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    First female Alaska Army National Guard Soldier completes army maneuver course

    First female Alaska Army National Guard Soldier completes army maneuver course

    Photo By 1st Lt. Marisa Lindsay | Capt. Amanda Plachek, commander of the 134th Public Affairs Detachment and coordinator...... read more read more



    Story by 2nd Lt. Marisa Lindsay 

    Alaska National Guard Public Affairs   

    JOINT BASE ELMENDORF-RICHARDSON, Alaska —When Capt. Amanda Plachek isn’t commanding the 134th Public Affairs Detachment or running the State Partnership Program for the Alaska National Guard, she’s paving the way for her fellow Soldiers by becoming the first Alaska Army National Guard female to complete a combat arms branch training course.

    Plachek graduated from the physically and mentally-challenging Maneuver Captains Career Course on Fort Benning earlier this year. The course, along with other combat arms training programs, was not open to females until December 3, 2015.

    Plachek decided to pursue the maneuver course after a few females on her Armed Forces Rugby team had successfully completed the course alongside the first two female ranger school graduates. She ended up being the only female in her class.

    “I decided to attend the maneuver course to broaden my military education,” explained Plachek, who joined the Army originally as a transportation officer. “It was definitely a steep learning curve for someone like me who didn’t have an infantry, armor or field artillery background. Machine gun theories and creating battalion-level fire plans were all brand new to me and it made me appreciate everything that goes into planning and executing a combat mission from the ground up.”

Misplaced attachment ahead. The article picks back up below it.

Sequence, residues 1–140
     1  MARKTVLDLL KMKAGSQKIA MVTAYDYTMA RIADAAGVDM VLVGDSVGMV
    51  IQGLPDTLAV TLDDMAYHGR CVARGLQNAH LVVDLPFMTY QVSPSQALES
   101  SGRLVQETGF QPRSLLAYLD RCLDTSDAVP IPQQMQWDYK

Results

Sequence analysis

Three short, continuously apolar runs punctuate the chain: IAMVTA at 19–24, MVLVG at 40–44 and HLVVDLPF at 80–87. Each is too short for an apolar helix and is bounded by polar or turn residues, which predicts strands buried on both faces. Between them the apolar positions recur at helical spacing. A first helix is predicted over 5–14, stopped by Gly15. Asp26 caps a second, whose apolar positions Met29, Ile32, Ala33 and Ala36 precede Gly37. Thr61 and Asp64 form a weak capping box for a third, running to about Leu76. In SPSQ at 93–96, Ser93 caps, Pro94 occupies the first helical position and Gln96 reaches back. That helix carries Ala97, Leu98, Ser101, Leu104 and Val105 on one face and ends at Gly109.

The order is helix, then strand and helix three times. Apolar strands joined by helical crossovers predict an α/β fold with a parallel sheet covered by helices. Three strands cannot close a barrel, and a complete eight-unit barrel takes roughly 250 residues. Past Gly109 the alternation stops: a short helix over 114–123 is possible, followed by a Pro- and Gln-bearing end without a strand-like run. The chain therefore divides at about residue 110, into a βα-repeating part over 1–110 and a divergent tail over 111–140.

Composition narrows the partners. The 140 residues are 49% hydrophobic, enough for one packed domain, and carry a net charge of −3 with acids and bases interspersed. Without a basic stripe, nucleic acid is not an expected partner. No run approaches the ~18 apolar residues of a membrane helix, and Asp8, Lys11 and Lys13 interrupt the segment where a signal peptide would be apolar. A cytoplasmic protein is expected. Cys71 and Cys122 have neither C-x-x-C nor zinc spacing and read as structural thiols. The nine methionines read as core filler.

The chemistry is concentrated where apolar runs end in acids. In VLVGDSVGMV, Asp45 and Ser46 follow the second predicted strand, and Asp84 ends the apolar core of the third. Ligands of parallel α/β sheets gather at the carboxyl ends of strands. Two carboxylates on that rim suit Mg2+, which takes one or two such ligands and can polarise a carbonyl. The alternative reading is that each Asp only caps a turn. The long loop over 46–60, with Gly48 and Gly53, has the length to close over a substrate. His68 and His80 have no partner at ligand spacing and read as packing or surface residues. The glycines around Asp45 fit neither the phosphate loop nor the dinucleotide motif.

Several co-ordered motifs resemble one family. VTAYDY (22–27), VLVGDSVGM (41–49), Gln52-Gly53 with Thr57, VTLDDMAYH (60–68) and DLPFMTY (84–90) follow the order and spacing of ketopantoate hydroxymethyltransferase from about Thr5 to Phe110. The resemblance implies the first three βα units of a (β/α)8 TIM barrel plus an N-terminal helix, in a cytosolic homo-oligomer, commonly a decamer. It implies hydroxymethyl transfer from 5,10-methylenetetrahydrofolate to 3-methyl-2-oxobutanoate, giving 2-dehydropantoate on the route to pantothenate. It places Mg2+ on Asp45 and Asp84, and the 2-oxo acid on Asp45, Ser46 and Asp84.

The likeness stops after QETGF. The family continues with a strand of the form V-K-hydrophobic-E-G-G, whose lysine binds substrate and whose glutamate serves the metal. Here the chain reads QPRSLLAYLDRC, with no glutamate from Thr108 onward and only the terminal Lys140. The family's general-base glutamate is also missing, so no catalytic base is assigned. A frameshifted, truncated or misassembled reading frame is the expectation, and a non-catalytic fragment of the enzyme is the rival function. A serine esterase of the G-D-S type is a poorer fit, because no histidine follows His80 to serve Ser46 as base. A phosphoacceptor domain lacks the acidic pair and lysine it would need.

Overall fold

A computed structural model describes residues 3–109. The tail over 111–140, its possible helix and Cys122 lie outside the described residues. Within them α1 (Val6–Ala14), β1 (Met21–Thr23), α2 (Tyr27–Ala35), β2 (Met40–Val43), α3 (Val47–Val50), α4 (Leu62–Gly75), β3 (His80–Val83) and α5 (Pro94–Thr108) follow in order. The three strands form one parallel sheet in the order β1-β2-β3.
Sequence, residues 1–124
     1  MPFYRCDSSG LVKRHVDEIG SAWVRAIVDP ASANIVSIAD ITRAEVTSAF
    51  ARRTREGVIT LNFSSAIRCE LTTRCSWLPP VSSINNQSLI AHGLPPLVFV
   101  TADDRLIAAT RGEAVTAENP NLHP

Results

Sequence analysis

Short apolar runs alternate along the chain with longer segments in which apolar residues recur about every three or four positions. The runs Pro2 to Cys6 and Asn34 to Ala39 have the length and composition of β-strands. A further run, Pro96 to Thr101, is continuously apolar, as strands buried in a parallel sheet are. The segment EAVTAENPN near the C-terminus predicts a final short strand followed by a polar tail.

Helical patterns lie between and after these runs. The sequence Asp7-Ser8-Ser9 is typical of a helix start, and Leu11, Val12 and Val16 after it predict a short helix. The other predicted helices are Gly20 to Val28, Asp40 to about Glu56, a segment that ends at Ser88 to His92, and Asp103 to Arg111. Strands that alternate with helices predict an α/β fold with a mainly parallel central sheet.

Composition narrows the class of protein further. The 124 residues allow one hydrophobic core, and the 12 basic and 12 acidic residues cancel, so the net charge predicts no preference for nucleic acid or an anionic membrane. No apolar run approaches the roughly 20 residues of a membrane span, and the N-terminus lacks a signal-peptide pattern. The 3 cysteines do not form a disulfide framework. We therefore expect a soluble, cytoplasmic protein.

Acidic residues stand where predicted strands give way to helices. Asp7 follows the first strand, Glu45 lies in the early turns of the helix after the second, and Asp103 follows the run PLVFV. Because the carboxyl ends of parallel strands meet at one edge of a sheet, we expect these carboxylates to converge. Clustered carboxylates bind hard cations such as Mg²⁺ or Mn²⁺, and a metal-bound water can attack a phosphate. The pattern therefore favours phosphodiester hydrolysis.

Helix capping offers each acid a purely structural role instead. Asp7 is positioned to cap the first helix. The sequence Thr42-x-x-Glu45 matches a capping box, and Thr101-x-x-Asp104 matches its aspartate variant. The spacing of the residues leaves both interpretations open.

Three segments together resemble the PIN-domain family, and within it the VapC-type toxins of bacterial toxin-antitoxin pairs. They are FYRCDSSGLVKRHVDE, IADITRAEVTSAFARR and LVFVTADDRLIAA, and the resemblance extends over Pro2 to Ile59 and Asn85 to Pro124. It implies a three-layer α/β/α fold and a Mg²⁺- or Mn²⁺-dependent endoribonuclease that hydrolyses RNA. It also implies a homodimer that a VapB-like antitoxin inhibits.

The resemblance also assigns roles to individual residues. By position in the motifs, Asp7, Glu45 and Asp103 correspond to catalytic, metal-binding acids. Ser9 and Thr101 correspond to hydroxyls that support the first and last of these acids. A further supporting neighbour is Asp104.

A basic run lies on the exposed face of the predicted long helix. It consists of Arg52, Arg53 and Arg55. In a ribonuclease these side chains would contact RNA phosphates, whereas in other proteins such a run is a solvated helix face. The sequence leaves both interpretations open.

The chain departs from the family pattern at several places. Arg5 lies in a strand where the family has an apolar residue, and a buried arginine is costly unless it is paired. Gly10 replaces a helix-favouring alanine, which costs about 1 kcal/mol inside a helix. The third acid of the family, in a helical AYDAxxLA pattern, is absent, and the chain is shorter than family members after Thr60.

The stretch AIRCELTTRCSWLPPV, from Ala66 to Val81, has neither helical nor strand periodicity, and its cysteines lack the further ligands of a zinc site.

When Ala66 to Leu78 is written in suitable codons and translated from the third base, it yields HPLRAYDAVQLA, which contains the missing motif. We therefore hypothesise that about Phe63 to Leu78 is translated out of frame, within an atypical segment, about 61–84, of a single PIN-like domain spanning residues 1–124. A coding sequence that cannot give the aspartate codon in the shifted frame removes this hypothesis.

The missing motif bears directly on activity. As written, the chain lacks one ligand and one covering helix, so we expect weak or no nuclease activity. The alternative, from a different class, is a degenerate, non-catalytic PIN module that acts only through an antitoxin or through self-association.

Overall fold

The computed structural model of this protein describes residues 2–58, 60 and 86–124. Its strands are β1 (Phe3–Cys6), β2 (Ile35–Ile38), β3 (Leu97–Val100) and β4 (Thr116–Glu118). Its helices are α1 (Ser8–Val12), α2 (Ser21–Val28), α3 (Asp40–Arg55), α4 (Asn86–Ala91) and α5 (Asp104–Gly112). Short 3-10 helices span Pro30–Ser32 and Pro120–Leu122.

Not only did Plachek apply herself to successfully complete the course, but out of 25 Soldiers, she was the third top graduate, based on coursework and peer rankings.

    Aside from tactical and strategic combat operations planning, the 4-week course also comprised of a timed 5-mile run, two physical fitness tests, and regular visits to the Peden Field obstacle course.

    “I didn’t really know what to expect from the maneuver course, but I knew the one thing I could control was to show up physically prepared,” explained Plachek. “At one point during the course, the commandant, a highly-intimidating infantry colonel, was watching me do one of the rope obstacles and all I could think was about how glad I was that I had been doing CrossFit to prepare for this course.”

    Plachek also credits her leadership for giving her the courage and confidence to go after this education.

    “Someone once told me that the only way women are going to succeed in integrating into the infantry is if they have the support of their leadership and male counterparts,” Plachek said. “I had an immense amount of support from not only my chain of command, fellow officers, classmates and instructors. That made me more proud that anything, the fact that my decision was supported and accepted by so many.”



    Date Taken: 05.25.2017
    Date Posted: 05.25.2017 21:04
    Story ID: 235383
    Location: AK, US

    Web Views: 2,917
    Downloads: 0